Transcription factor helps in increasing the number of mitochondria which improves the neurological function of transgenic mice models for Huntington's disease
Albert La Spada, M.D., Ph.D., and colleagues at the UC San Diego (UCSD) explained that over expression of the transcription factor results in a substantial clearing of the mutant protein aggregates in the brains of the mice models for HD.
The misfolded huntingtin (htt) proteins responsible for the aggregate formation in the mice also characterize human HD sufferers.
La Spada said that the over-expressed transcription factor, PGC-1á, may work by reducing oxidative stress that builds up toxic by-products from mitochondrial energy production in HD-impaired neurons.
Genetic studies have tied HD to a distinctive genetic repeat, a CAG trinucleotide in the htt gene that, if copied more than 35 times, results in the disease.
The mutated htt protein carries an expanded polyglutamine (polyQ) tract that misfolds and forms aggregates in neurons. HD affects many cell functions, but recently, researchers investigating the impact of toxins on mitochondrial function in rodents and nonhuman primates reported similarities to the progression of HD.
Studies on HD transgenic mice and human HD patient material in the La Spada laboratory reinforced these recent findings.
The researchers took a closer look at a nuclear receptor activator, PPARg, and its coactivator, PGC-1á, which promotes the transcription of genes involved in mitochondrial biogenesis and energy production.
Their HD mouse models revealed that the mutant htt protein impaired PGC-1á function.
To test the connection, the researchers over-expressed PGC-1á in the HD-model transgenic mice.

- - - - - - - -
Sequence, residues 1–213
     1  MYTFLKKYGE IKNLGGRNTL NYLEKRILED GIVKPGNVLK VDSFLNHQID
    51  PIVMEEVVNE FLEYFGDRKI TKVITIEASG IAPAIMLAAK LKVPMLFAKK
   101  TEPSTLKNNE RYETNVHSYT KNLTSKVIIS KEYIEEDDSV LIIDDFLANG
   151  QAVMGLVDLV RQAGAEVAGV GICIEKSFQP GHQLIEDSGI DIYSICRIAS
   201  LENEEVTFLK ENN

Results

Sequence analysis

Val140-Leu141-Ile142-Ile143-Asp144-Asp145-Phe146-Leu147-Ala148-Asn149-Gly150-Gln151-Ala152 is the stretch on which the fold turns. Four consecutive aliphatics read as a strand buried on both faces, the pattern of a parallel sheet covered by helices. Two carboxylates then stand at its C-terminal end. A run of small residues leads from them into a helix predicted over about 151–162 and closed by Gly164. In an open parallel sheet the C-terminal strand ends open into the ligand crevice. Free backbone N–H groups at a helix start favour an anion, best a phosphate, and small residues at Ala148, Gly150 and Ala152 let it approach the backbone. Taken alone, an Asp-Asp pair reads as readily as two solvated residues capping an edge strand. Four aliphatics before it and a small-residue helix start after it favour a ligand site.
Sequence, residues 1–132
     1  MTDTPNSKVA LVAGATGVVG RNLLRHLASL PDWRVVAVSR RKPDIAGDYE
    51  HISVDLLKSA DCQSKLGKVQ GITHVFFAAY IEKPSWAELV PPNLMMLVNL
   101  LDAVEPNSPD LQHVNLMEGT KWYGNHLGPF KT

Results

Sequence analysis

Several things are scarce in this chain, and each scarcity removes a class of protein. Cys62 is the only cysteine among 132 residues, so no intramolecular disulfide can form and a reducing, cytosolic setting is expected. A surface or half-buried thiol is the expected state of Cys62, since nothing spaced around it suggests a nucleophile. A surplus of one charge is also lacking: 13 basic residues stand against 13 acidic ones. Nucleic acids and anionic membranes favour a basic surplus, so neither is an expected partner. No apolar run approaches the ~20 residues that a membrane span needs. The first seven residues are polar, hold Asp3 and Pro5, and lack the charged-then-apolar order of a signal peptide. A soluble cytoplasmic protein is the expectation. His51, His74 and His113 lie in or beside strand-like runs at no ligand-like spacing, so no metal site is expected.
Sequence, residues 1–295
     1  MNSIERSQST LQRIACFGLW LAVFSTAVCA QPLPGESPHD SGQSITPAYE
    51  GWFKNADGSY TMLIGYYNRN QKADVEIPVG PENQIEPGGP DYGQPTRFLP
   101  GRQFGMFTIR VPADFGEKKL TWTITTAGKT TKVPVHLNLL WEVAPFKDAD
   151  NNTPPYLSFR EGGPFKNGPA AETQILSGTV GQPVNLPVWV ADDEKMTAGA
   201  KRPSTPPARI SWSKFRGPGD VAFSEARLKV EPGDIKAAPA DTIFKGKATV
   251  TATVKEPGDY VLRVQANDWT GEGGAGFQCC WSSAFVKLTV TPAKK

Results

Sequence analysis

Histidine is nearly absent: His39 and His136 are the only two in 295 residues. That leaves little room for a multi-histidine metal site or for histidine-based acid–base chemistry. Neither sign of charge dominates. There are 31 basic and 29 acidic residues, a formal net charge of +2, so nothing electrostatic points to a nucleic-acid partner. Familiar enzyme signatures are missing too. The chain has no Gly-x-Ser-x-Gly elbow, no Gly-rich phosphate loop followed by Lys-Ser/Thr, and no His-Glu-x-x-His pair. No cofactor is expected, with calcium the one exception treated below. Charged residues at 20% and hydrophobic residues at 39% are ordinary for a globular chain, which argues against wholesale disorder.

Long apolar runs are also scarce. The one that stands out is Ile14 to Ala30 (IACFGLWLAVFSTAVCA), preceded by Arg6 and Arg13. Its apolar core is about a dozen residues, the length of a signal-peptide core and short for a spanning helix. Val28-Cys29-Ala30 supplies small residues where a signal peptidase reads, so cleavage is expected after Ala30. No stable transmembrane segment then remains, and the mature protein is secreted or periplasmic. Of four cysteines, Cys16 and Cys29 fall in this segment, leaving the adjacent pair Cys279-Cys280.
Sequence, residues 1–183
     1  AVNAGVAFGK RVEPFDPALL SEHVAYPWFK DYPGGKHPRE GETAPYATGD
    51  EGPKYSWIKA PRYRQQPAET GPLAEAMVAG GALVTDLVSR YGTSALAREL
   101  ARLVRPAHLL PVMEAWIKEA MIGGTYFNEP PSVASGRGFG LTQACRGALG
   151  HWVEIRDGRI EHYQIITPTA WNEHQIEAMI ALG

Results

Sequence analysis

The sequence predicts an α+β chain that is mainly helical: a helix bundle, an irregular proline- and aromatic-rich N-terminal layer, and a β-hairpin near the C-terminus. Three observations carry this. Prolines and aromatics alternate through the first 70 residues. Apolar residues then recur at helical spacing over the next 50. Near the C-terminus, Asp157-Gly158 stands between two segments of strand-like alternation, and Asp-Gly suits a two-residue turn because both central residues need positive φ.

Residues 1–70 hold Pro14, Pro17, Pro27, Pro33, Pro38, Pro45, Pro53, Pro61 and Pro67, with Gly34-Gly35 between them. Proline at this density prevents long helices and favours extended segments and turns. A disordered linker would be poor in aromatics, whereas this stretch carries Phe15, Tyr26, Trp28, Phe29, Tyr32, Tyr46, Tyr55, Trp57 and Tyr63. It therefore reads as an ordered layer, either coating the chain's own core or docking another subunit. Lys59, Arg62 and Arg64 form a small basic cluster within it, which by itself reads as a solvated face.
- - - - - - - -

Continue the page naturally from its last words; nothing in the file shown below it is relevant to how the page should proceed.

An overabundance of PGC-1á significantly improved neurological function. It also markedly decreased htt protein aggregation in the animals' brains, which may account for the improved neurological phenotype, according to La Spada.
Indeed, the overexpression of PGC-1á virtually eliminated aggregated htt protein in the brains of the HD mice, he added.
La Spade said he attributes this unexpected result to the abilities of PCG-1á to reduce oxidative stress in the beleaguered mitochondria, the powerhouses of the cell that generate the energy needed to fuel cellular functions.
La Spada said that he hopes that this discovery could lead to therapies aimed at restoring PGC-1á function as a viable treatment for HD and perhaps for related neurological disorders such as Alzheimer's disease and Parkinson's disease.
HD, an inherited progressive neurodegenerative disorder, affects roughly 40,000 Americans. HD can vary considerably, but in its most severe form in adults, it takes an average of 20 years from the first onset of symptoms involving muscle control to severe cognitive decline and death, often from pneumonia. The disease currently has no cure.